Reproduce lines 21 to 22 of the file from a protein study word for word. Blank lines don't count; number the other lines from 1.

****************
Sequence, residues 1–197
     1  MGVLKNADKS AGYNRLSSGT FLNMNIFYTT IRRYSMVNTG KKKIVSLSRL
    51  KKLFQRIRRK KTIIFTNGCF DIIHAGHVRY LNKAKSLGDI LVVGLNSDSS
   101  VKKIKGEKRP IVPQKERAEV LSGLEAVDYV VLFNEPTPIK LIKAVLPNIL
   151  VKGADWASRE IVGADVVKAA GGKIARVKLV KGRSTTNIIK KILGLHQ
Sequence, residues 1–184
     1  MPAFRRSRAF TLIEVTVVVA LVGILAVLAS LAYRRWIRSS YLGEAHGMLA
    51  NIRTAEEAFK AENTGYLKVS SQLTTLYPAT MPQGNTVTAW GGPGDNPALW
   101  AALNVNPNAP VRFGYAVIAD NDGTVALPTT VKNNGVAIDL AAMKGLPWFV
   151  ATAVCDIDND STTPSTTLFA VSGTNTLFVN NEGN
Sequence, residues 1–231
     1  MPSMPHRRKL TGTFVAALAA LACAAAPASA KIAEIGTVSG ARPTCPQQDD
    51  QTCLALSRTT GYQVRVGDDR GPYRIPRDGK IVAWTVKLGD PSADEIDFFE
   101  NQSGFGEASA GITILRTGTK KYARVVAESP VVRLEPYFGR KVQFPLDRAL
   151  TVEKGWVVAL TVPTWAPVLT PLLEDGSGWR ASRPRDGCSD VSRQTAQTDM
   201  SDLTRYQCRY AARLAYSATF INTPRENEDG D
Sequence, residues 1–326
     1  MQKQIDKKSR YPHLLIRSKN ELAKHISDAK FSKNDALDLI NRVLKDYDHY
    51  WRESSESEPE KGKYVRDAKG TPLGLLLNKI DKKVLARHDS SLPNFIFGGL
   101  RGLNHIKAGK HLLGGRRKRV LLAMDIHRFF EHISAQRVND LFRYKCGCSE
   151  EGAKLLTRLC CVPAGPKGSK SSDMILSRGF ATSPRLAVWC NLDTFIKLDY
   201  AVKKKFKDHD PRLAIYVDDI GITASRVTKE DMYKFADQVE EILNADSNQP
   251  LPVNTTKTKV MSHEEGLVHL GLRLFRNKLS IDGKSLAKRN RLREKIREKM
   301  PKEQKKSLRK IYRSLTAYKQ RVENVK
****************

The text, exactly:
   151  EGAKLLTRLC CVPAGPKGSK SSDMILSRGF ATSPRLAVWC NLDTFIKLDY
   201  AVKKKFKDHD PRLAIYVDDI GITASRVTKE DMYKFADQVE EILNADSNQP